We had a cast party after the show and it was wonderful. I saw dancers and teachers that I hadn’t seen in a couple of years. One teacher in particular remembered me from my first belly dance classes; she told me that it was great to see how much we had grown into our dance. It means so much to me when teachers see how much we improved. Unfortunately, I didn’t take any pictures of the cast party. I was having too much fun and simply forgot.
Winter Caravan poster courtesy of Sahara Dance. Used with permission.
In2 weeks,I’ll be dancing with my ATS® troupe for the big, annual Spring show, Under A Desert Moon (UDM). I decided to share my second dance performance, which was the Winter Caravan show back in December.
I’m absolutely loving tribal belly dance. Eventually, I’d like to branch out into Tribal Fusion, but for now, I’m working on tribal belly dance. Tribal Fusion is an off-shoot of tribal. In dance, one never stops learning. In addition to leading workshops, belly dance instructors still take classes to hone their craft.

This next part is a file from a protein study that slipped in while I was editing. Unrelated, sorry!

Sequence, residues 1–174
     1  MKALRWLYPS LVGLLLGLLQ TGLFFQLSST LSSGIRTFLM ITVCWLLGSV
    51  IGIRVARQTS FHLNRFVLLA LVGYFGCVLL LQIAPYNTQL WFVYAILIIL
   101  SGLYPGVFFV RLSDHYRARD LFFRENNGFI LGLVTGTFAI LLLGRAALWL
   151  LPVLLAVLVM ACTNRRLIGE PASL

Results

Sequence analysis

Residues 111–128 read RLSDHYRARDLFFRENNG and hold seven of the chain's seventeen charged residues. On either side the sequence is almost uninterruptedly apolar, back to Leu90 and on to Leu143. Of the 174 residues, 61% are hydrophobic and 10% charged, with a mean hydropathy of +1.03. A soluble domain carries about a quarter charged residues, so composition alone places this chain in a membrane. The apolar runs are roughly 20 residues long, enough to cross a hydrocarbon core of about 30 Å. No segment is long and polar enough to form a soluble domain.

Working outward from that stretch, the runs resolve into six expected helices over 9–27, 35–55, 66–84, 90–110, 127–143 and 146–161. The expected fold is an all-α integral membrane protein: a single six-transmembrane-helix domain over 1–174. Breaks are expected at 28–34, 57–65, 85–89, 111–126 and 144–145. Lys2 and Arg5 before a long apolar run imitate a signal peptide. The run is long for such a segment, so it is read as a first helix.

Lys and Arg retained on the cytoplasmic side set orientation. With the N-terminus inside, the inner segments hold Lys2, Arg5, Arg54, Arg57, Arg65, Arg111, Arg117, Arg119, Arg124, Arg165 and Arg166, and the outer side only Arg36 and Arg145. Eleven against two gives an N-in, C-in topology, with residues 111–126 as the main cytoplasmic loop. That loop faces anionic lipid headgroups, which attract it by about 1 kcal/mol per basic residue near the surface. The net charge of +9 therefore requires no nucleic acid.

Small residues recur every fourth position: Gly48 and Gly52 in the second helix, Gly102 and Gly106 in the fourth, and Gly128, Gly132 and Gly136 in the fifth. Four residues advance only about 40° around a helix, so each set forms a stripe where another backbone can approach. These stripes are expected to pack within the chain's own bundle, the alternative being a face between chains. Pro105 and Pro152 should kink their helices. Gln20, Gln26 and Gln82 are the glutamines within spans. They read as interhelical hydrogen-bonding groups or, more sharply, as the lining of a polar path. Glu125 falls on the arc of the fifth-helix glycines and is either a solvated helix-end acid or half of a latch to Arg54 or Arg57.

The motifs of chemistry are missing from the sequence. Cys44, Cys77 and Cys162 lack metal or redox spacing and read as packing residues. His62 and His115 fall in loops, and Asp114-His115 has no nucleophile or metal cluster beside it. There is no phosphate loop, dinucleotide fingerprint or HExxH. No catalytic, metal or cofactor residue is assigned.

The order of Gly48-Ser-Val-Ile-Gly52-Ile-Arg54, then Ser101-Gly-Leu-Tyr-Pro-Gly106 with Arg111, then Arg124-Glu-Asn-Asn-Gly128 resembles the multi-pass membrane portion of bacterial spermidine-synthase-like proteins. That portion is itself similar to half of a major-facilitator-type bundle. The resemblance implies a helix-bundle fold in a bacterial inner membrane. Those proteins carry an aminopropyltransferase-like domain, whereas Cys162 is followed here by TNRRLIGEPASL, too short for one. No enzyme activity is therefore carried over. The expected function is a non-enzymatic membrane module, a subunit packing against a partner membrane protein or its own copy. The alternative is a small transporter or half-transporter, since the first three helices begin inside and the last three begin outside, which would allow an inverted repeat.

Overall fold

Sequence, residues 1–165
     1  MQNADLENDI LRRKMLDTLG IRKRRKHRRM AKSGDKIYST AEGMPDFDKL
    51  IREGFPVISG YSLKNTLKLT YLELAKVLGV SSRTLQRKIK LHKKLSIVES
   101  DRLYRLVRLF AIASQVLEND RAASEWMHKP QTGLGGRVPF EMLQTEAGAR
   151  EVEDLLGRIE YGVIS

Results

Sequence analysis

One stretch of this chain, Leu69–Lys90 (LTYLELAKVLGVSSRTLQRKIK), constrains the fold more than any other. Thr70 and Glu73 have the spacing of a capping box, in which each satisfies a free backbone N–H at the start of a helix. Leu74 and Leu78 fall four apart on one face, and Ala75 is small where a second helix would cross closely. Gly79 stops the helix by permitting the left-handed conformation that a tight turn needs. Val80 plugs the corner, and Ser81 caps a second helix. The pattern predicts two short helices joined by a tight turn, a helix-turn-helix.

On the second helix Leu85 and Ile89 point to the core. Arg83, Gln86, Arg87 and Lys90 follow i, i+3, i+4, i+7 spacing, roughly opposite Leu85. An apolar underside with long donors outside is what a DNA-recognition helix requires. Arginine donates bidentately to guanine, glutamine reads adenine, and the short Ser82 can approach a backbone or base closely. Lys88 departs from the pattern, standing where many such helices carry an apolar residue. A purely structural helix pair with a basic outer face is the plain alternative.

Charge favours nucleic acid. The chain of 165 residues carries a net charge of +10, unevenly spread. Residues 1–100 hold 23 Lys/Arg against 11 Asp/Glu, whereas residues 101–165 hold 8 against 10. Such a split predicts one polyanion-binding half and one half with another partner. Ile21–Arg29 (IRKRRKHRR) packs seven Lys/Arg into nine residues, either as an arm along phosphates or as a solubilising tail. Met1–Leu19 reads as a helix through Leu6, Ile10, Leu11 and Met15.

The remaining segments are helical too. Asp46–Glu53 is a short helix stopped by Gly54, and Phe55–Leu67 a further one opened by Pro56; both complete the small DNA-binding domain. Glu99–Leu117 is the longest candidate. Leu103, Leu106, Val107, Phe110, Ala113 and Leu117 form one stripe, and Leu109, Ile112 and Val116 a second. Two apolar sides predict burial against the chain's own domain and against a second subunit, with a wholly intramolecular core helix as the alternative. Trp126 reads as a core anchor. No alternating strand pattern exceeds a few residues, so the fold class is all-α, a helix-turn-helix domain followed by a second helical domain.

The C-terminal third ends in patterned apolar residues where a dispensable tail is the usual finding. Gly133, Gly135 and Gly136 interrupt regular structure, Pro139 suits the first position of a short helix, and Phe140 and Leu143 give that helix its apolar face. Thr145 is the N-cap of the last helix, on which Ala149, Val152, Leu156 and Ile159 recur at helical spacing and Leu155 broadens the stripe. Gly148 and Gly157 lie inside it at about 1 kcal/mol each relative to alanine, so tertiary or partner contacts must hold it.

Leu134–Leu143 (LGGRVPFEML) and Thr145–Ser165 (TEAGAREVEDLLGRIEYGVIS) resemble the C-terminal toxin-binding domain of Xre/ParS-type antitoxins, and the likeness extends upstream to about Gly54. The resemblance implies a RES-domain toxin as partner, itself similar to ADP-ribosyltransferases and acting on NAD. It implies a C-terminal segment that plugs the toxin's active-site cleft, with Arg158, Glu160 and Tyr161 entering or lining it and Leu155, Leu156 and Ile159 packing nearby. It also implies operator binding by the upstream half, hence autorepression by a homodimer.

Our dance troupe performs American Tribal Style (ATS®) vs. Improvisational Tribal Style (ITS). The difference? ATS® follows a distinct, dance vocabulary, created by Carolena Nericcio, who also created her dance troupe, Fat Chance Belly Dance®. ITS is tribal belly dance that is not ATS®. In other words, ATS® is the “brand name” whereas ITS is simply, tribal belly dance. You have to be certified in ATS® in order to teach it.
Here’s my makeup and costume for our Winter Caravan performance:
Here are a few pics from our Winter Caravan performance. Our performance video is located after my signature:
Gifs via Photobucket. Summer Carnival poster used with permission.
I started taking belly dance classes in the fall of 2009, and I haven’t stopped since. Ever since I started dancing, I knew that eventually, I wanted to take tribal belly dance classes. I started out taking Raqs Sharqi (Arabic for oriental dance), which is the classic, Egyptian style of belly dance that many of us know. This is also the foundation for American Tribal Style (ATS®), Improvisational Tribal Style, (ITS), and Tribal Fusion. These 3 styles wouldn’t exist without Raqs Sharqi. This is essential to learn before moving on to tribal and Tribal Fusion.